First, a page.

[an error occurred while processing this directive]
BBC News
watch One-Minute World News
LANGUAGES
arabic
persian
pashto
turkish
french
Last Updated: Friday, 28 November, 2003, 16:31 GMT
Iraqis rally against 'terrorism'
Baghdad rally
"Yes to Iraq, no to terrorism," chanted demonstrators
Hundreds of Iraqis have marched in the capital, Baghdad, to protest against "terrorism" and continuing violence.

Among the demonstrators were relatives of some of those killed in recent bombings in Baghdad and elsewhere.

There was a heavy Iraqi police presence as the protesters marched through the city centre, with American military helicopters hovering overhead.

In the latest attack, a US soldier was killed when rebels shelled a military base in the northern town of Mosul.

"Yes to Iraq, no to terrorism," chanted protesters, who gathered at Baghdad's al-Firdos square.

Baghdad rally
Heavily armed Iraqi police accompanied the rally

Three empty coffins adorned with Iraqi national flags were brought to the rally to honour civilian victims of attacks by militants.

"We demand peace," Ali Sahib, who lost his daughter in a recent suicide bombing, was quoted as saying by the Associated Press news agency.

"We demand that all criminals, whether they are Saddam [Hussein] loyalists or al-Qaeda members, be chased and tried for their crimes against the Iraqi people," Mr Sahib added.

Iraqi police and US troops kept a close watch at the rally, searching a suspect vehicle at one point but finding no explosives.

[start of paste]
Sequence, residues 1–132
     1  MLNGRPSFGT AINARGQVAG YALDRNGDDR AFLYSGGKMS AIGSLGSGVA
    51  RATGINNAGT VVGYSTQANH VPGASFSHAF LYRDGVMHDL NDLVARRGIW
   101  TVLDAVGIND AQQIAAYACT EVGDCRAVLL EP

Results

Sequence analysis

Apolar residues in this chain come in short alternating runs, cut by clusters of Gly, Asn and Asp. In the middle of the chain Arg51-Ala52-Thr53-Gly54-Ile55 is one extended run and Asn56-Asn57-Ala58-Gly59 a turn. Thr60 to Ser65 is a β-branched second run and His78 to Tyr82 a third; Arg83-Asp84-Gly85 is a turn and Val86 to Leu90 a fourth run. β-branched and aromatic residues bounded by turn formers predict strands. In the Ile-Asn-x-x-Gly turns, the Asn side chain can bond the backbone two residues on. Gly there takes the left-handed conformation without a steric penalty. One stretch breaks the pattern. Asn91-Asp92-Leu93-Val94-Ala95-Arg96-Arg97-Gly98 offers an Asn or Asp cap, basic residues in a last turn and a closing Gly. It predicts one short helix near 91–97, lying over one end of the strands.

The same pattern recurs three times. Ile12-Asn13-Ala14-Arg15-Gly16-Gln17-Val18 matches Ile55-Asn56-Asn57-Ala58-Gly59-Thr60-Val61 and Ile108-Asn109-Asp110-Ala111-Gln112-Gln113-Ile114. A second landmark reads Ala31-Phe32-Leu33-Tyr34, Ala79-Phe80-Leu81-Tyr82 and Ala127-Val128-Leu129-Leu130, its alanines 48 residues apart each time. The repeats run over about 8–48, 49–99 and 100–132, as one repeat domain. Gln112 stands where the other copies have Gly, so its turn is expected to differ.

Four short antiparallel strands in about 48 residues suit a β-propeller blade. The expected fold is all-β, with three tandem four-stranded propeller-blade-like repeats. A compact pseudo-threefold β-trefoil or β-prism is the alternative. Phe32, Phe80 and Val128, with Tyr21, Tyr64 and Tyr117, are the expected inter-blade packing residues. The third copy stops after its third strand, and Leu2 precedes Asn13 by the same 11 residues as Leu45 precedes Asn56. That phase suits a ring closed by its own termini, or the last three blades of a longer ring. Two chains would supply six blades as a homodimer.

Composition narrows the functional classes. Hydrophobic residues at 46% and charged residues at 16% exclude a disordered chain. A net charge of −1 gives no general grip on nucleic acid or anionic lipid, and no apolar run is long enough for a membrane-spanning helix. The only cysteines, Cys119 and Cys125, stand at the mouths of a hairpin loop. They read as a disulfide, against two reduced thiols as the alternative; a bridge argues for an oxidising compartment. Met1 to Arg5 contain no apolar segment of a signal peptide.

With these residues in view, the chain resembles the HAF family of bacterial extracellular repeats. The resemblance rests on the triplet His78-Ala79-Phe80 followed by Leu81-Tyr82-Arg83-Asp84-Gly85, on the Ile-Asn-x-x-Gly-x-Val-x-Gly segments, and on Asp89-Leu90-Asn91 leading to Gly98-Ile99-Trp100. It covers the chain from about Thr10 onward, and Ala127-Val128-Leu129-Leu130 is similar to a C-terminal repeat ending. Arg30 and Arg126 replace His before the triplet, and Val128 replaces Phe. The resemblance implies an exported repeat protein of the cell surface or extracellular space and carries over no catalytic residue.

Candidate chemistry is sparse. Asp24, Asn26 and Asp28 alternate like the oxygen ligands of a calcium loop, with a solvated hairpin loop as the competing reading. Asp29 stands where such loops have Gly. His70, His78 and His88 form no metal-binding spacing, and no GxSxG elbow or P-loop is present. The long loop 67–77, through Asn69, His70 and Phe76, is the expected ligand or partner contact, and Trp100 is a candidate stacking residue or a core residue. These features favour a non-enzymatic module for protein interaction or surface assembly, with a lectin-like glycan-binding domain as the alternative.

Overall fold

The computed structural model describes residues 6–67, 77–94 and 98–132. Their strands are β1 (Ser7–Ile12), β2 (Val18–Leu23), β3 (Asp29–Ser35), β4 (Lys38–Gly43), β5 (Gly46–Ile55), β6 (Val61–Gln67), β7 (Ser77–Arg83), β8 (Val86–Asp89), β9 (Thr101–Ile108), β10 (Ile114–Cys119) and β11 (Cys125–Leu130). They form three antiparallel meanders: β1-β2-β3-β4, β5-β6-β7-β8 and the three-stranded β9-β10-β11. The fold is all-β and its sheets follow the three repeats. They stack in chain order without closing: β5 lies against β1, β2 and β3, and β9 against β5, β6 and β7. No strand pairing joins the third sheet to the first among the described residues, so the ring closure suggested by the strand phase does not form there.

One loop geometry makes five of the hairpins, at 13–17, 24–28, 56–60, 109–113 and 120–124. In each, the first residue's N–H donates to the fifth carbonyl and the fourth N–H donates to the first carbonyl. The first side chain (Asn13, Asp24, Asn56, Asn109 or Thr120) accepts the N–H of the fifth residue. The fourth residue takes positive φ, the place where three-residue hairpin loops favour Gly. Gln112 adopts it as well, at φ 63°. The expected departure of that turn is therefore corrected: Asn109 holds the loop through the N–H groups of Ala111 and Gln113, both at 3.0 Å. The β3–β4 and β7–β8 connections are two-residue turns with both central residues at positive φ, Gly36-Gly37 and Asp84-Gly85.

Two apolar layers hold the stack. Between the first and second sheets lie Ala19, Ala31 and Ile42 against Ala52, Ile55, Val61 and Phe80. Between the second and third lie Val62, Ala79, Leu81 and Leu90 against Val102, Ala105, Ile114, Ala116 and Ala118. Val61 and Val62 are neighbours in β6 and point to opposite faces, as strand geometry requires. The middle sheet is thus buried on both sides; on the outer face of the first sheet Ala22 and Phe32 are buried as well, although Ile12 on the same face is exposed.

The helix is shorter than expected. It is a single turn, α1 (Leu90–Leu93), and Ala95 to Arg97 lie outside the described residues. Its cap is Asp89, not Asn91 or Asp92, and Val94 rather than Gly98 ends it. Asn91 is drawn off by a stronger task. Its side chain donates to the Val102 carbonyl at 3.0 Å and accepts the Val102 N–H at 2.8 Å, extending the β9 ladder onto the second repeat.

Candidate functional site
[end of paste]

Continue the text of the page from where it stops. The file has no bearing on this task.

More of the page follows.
'Bodyguard' held

A soldier from the US 101st Airborne Division was killed on Friday when mortar shells hit the division's base in Mosul on Friday morning.

An Iraqi worker was also slightly injured, a US military spokesperson said.

Troops immediately launched a search for the attackers.

In another development, the US military said its forces had captured a former Saddam bodyguard, identified as Brigadier General Khalid Arak Hatimy.

The US military said he was captured during a night raid in the town of Ramadi, about 100 kilometres (60 miles) west of Baghdad.


RELATED INTERNET LINKS:
The BBC is not responsible for the content of external internet sites


PRODUCTS AND SERVICES

News Front Page | Africa | Americas | Asia-Pacific | Europe | Middle East | South Asia
UK | Business | Entertainment | Science/Nature | Technology | Health
Have Your Say | In Pictures | Week at a Glance | Country Profiles | In Depth | Programmes
Americas Africa Europe Middle East South Asia Asia Pacific